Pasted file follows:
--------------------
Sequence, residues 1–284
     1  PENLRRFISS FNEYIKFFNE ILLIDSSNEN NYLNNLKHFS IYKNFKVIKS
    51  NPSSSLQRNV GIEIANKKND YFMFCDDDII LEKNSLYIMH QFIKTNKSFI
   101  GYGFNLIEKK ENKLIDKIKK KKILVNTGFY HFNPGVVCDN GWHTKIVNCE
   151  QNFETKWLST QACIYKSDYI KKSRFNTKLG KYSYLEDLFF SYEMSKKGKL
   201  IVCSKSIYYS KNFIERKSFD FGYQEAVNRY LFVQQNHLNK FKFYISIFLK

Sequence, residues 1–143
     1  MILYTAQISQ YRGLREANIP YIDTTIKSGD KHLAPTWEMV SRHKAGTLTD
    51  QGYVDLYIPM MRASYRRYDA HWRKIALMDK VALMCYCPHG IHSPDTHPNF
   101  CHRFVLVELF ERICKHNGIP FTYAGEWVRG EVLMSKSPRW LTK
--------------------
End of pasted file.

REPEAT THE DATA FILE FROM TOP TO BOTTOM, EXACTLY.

Sequence, residues 1–284
     1  PENLRRFISS FNEYIKFFNE ILLIDSSNEN NYLNNLKHFS IYKNFKVIKS
    51  NPSSSLQRNV GIEIANKKND YFMFCDDDII LEKNSLYIMH QFIKTNKSFI
   101  GYGFNLIEKK ENKLIDKIKK KKILVNTGFY HFNPGVVCDN GWHTKIVNCE
   151  QNFETKWLST QACIYKSDYI KKSRFNTKLG KYSYLEDLFF SYEMSKKGKL
   201  IVCSKSIYYS KNFIERKSFD FGYQEAVNRY LFVQQNHLNK FKFYISIFLK

Sequence, residues 1–143
     1  MILYTAQISQ YRGLREANIP YIDTTIKSGD KHLAPTWEMV SRHKAGTLTD
    51  QGYVDLYIPM MRASYRRYDA HWRKIALMDK VALMCYCPHG IHSPDTHPNF
   101  CHRFVLVELF ERICKHNGIP FTYAGEWVRG EVLMSKSPRW LTK